“We had to pay a deductible on our insurance for this whole thing and everything is encompassed in that,” Xenakis-Makowski said.
Xenakis-Makowski said she was unaware of what ransom-ware was or that it could affect the school until the infection happened.
“Ransom-ware works by locking up files on an electronic device, making them inaccessible,” Xenakis-Makowski said. “It doesn’t open them, it doesn’t read them, and it doesn’t copy them. It just locks them.”
Basically, any file on an infected server or system is inaccessible, Xenakis-Makowski said of the ransom-ware’s effect.
Approximately one month ago, Xenakis-Makowski was informed by a school technology consultant that something was preventing any file on the district’s servers from being opened.
“Bots out there just throw username and password combinations until something sticks,” she said.
As far as J-L has gathered through its month long investigation, the perpetrators are located somewhere in Germany and sent the ransom-ware virus through four other countries before finding a home in the J-L servers.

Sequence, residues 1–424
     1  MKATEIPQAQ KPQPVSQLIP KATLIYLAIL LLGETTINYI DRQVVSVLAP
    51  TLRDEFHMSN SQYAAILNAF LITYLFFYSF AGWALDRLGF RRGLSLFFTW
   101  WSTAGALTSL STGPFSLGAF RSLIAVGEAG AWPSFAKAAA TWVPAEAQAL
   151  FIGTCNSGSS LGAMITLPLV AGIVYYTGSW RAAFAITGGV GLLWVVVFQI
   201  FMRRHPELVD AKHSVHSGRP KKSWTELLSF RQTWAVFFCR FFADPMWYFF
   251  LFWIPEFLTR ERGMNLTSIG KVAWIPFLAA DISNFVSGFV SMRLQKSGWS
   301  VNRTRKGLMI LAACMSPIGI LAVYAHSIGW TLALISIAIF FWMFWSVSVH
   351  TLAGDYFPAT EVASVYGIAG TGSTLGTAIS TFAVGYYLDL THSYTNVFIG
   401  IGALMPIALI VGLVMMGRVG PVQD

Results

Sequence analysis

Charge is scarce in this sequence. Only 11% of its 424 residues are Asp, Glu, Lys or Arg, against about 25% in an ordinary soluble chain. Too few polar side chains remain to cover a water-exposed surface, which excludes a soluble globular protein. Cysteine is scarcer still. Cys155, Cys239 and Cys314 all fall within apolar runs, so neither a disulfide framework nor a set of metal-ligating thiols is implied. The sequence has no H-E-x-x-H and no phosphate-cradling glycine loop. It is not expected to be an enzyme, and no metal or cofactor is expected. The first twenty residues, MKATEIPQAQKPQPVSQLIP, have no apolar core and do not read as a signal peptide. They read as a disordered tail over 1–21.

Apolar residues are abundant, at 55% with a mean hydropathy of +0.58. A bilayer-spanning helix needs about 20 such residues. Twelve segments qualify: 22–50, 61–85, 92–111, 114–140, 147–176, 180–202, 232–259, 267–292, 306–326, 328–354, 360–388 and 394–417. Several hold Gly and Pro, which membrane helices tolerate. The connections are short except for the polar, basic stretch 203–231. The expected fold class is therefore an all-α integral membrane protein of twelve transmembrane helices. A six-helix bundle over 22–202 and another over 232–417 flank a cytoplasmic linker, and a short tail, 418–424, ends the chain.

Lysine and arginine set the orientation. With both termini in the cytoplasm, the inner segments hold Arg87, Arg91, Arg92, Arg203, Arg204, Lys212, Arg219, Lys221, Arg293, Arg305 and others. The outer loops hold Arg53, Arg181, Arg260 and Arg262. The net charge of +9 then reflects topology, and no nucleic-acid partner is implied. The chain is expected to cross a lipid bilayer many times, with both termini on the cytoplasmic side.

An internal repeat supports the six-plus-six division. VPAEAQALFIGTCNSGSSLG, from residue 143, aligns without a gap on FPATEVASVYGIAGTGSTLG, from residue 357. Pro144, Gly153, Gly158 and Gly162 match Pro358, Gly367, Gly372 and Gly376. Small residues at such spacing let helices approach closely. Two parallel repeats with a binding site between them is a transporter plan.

“I don’t want to say for certain how it happened because we aren’t even for sure on that yet,” Xenakis-Makowski said. “Somehow someone was able to hack into a server and encrypt files.”
While she was directed to report the incident to the FBI, she said the school isn’t a big enough entity for any further action to be pursued.
“Unfortunately, we’re not big enough for someone to do something about it,” she said. “It’s not like someone in Johannesburg or Michigan did it.”